- Filetto arrosto (roasted filet, can be pork or beef)
Good digestion is important to Italians enjoying a holiday meal. Most Italians finish off their meal with a digestivo like grappa, which is usually served with some dried fruits and nuts, or an amaro (bitter liquor). If you’re not a fan of strong liquor, then vino cotto is a great option to end your Christmas feast. Also vino cotto makes a great dessert when paired with decadent chocolate desserts, and even just a piece of quality dark chocolate.
Pro Tip: Spending Christmas Day in Italy and would rather not be cooking on your Italian vacation? You can find set menus for “Pranzo di Natale” (Christmas Lunch) at restaurants across the country. Prefer seafood for your Christmas Day lunch? Then search for restaurants along the coast where you’ll find an abundance of Christmas menus with local seafood dishes.
HOW TO SPEND BOXING DAY IN ITALY
Italians forgo the December 26th frenzy of the boxing day shopping spree and instead take advantage of the national holiday Santo Stefano to be with friends. The locals even have a saying in Italian, ‘Natale con i tuoi, Santo Stefano con chi vuoi‘, which roughly translated means that you spend Christmas with your family, and Santo Stefano with whoever you like. It’s a holiday to gather with friends to enjoy leftover Christmas dishes and sweets or head out for another feast at a local restaurant.
Pro Tip: If you’re vacationing in Italy on Santo Stefano (December 26th) and want to dine out it is highly recommended that you make reservations in advance. Want more tips for your next Italian vacation? Click here to grab the free Italy Insider Cheatsheet.
What you’ll be eating & drinking on New Year’s Eve in Italy
Capodanno, or New Year’s Eve, is another chance to celebrate during the Christmas holidays in Italy. Italians kick off New Year’s Eve celebrations by enjoying the Italian art of the aperitivo, a happy hour where you enjoy a drink with appetizers and local charcuterie. The types of dishes and charcuterie served with your aperitivo will vary from region to region, but you can usually expect that prosciutto will make an appearance on the menu. To welcome the New Year Italians celebrate with a “Cenone” – a big multi-course dinner (usually about 7 to 9 dishes). Dishes served on New Year’s Eve in Italy are carefully selected for their symbolism and are thought to bring you luck. The traditional dishes you can find served across the country are cotechino (a type of fresh pork sausage), uva (grapes), and lenticchie (lentils), which are shaped like little coins and served right after midnight. Post-cenone, most people head to the piazza to celebrate the countdown at midnight, ringing in the new year with friends, family and the entire town.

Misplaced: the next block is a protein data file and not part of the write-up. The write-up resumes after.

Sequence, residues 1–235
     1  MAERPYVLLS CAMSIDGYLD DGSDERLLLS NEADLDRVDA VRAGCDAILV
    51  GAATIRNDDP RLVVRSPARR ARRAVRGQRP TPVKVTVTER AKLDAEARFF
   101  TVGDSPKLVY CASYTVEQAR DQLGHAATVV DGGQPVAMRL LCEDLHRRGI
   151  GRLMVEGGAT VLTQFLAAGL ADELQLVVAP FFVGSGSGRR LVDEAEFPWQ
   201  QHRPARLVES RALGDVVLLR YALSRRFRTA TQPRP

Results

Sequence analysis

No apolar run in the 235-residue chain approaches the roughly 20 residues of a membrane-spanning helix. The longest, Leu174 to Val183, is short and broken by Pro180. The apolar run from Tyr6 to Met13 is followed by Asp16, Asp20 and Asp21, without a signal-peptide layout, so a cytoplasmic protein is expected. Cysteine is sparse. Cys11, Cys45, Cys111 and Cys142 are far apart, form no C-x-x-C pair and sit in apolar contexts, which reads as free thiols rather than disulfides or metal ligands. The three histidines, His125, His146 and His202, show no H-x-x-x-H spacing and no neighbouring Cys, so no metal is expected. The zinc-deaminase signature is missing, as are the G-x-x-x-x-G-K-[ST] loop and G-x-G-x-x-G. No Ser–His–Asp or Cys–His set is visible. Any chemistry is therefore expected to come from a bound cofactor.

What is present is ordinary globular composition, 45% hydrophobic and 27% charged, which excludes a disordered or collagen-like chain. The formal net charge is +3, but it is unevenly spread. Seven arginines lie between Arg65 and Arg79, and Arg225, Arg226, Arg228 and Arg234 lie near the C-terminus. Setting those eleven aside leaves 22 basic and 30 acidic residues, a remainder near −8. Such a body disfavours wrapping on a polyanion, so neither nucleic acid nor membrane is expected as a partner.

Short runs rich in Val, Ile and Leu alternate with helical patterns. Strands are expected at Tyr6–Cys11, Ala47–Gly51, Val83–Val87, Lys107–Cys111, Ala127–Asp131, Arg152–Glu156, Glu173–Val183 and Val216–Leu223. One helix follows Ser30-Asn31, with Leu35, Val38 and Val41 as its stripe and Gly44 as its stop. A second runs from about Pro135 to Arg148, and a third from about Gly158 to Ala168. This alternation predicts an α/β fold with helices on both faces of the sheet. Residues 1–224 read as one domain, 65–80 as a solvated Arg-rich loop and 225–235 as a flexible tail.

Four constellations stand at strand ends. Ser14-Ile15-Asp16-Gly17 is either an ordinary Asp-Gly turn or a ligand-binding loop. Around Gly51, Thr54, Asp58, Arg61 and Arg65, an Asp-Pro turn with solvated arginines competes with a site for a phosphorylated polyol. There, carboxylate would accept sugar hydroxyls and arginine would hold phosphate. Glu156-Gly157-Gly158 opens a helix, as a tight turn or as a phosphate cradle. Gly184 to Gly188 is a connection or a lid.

Pro Tip: As with Santo Stefano it is also recommended that you book your New Year’s Even “Cenone” well in advance as it is not only popular with the locals ringing in the new year in Italy but also other travellers looking to enjoy the Italian festivities on their vacation.
La Befana, the Italian Christmas Witch
As the holiday season draws to a close, La Befana, the woman with a broomstick who brings gifts, makes her appearance on Epiphany Eve, January 5. According to legend, she visits at night, bringing stockings full of sweets; traditionally oranges for good kids and coal for bad kids. Unlike Santa Claus, La Befana is treated to a bottle of red wine in lieu of milk and cookies. And before you thought all the feasting was over, another cenone is held on the Day of the Epiphany, January 6th, in some areas of Italy.
No holiday menu in Italy would be complete without some vino. Given the selection of wine on offer in Italy, it’s not hard to find the perfect pairing for every course. If you’re lucky enough to be in Italy over Christmas, your foodie senses will be delighted. Many families go out for Christmas as it’s seen as a holiday where you don’t have to cook, so if you’re travelling in Italy over the holidays simply make sure to reserve your spot well in advance (up to six weeks) so that you can enjoy the best menu at your choice of locations.
Pro Tip: If you’re looking to dine out during your Christmas vacation in Italy, an easy way to find where to eat is to use Facebook. Simply search the events of the city you’ll be traveling to discover the holiday menus and restaurants that are taking reservations.
Italians know how to celebrate la dolce vita, and they pull out all the stops over the holidays. Take advantage of the festive month long Christmas markets to pick up a gift for your favorite food and wine lover, or better yet, book them Italy’s Epicurean Journey, the trip of a lifetime, so that they can enjoy the magic of Italy themselves.